5 lessons for brands from the Burger King Twitter hack

The company regained control of its Twitter feed on Monday night after hackers overtook it for hours. Here’s what brands need to know. 

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Around 10 p.m. ET, Burger King tweeted:

Interesting day here at BURGER KING®, but we’re back! Welcome to our new followers. Hope you all stick around!

— BurgerKing (@BurgerKing) February 19, 2013

The breach began in the morning on Monday and lasted for hours. Hackers tweeted a flurry of messages, most of them made little sense and contained offensive language. By the afternoon, Twitter had suspended the account. Burger King did not update its Facebook page on Monday, though it did release this statement to the media:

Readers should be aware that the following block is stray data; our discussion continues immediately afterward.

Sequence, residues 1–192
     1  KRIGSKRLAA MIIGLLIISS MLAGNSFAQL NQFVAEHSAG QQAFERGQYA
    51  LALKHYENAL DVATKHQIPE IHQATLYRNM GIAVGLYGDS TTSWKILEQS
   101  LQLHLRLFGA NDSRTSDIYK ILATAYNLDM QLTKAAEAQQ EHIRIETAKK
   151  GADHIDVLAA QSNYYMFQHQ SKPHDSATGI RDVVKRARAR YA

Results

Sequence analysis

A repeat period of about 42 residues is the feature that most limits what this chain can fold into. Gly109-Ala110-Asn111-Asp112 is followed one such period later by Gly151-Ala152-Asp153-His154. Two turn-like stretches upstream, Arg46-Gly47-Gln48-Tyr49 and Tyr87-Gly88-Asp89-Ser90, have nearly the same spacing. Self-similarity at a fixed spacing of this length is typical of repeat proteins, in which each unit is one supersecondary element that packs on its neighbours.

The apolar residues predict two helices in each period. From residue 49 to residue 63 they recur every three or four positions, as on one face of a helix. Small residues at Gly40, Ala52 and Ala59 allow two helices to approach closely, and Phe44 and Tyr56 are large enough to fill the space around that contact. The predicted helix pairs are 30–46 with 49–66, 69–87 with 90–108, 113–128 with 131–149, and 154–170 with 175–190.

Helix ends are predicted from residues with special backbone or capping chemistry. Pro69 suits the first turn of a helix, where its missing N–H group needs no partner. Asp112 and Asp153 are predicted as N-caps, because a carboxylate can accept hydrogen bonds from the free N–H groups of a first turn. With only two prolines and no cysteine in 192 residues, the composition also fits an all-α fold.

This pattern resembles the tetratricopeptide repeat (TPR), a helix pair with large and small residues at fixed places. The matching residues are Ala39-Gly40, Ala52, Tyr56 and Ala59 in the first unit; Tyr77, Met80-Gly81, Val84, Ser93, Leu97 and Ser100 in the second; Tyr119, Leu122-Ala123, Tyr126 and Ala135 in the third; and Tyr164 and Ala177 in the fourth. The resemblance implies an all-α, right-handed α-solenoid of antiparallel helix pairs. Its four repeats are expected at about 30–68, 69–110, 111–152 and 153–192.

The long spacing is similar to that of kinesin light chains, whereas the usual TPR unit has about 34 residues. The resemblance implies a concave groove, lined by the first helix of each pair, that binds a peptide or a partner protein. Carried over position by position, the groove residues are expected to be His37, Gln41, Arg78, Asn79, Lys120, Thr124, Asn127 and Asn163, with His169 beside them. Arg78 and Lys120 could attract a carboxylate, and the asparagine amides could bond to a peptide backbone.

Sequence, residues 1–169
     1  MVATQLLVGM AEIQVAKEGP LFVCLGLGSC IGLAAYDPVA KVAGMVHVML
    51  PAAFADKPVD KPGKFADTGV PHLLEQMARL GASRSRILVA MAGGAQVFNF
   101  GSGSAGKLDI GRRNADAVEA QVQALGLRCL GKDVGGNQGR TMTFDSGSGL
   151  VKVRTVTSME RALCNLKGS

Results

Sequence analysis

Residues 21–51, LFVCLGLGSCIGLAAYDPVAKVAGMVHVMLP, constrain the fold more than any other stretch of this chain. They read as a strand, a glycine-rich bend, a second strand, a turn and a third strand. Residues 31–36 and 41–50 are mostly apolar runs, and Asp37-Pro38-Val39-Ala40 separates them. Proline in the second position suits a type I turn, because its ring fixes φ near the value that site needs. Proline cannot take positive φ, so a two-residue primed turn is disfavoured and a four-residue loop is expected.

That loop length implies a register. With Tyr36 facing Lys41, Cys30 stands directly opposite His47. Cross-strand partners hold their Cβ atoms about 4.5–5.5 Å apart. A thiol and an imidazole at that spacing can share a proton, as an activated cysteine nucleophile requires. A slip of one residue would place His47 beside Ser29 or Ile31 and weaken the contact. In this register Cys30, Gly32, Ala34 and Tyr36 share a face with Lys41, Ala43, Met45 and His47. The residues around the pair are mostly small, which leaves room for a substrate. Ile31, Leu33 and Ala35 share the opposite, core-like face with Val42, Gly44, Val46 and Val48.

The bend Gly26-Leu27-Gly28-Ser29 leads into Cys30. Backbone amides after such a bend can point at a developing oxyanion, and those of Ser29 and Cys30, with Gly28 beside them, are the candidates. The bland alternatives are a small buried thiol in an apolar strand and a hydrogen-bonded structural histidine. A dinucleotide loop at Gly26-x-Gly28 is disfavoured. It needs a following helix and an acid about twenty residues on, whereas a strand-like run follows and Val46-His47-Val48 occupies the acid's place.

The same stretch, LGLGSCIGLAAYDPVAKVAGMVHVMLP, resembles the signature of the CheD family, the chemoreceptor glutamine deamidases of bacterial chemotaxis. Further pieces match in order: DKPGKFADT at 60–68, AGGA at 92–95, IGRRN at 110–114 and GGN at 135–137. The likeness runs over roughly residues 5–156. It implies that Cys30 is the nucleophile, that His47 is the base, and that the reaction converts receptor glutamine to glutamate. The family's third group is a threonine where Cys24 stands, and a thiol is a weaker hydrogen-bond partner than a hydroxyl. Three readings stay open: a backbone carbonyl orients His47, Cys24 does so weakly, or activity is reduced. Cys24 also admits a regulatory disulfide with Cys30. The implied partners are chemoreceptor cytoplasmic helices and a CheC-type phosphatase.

“We have worked directly with administrators to suspend the account until we are able to re-establish our legitimate site and authentic postings. We apologize to our fans and followers who have been receiving erroneous tweets about other members of our industry and additional inappropriate topics.”

Anyone who’s managed a brand account can certainly empathize. In the hours after the hack, even McDonald’s tweeted from its verified account:

We empathize with our @burgerking counterparts. Rest assured, we had nothing to do with the hacking.

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